The Plank

Jesse Helms, Civil Rights Visionary

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The New York Times obituary of Jesse Helms had the temerity to note that he "opposed civil rights." National Review's John Miller objects:

He "opposed civil rights"? Uh, no. He opposed a particular vision of them.

Hilzoy has a lot of detail about Helms' "particular vision" of civil rights. Among other things, Helms was an avowed believer in black intellectual inferiority, an hysterical opponent of interracial marriage, called the 1964 Civil Rights Act "the single most dangerous piece of legislation ever introduced in the Congress," and said of civil rights demonstrators, "The Negro cannot count forever on the kind of restraint that's thus far left him free to clog the streets, disrupt traffic, and interfere with other men's rights." Helms' "vision" of civil rights for African-Americans was that there should be none.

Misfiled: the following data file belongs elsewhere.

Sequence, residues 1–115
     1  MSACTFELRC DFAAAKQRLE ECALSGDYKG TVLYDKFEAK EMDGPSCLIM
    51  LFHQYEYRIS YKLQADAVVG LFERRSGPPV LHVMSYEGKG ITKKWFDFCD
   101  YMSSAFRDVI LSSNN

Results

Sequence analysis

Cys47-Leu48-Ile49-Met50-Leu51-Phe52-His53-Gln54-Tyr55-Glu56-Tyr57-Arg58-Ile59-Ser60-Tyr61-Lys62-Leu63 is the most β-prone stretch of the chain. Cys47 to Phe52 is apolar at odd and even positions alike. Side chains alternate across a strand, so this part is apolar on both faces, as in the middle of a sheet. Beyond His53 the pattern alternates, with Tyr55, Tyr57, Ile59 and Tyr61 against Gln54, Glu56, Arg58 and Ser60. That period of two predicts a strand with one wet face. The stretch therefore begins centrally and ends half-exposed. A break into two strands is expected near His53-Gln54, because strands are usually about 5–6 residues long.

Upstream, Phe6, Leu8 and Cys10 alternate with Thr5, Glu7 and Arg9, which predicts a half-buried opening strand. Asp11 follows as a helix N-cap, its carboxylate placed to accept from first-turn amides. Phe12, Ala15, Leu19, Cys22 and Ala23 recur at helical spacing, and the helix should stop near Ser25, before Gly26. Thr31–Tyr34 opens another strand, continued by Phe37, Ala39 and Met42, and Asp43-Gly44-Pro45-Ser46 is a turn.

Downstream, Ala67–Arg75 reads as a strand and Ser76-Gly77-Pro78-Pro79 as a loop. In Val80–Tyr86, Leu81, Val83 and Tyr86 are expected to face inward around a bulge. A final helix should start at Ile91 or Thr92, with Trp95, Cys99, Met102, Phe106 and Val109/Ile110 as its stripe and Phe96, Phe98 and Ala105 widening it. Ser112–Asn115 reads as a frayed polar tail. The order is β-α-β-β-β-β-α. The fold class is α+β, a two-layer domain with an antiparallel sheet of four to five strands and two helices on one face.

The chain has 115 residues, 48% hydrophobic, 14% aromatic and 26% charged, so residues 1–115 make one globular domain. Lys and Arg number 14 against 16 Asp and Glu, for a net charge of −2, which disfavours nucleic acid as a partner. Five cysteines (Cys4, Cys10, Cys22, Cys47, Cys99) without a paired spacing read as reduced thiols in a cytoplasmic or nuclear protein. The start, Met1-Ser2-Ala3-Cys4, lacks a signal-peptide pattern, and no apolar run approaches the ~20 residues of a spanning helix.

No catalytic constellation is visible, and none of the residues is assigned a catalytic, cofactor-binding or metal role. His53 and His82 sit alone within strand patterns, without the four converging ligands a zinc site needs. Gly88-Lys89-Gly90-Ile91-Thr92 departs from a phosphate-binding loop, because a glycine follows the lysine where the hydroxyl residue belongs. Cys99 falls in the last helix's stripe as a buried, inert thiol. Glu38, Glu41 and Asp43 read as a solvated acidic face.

The mainstream conservative position on civil rights is that the equal rights of the early civil rights movement were good, but things started to go wrong with the imposition of affirmative action. It's a flawed though not illegitimate view. But Helms wasn't a champion of color-blindness who objected to quotas. He was an out-and-out white supremacist.

Moreover, it would be one thing if conservatives celebrated the things they liked about Helms' life while disavowing his bigotry. But their unalloyed celebration of Helms is a staggering indictment of movement conservatism's views on race.

--Jonathan Chait

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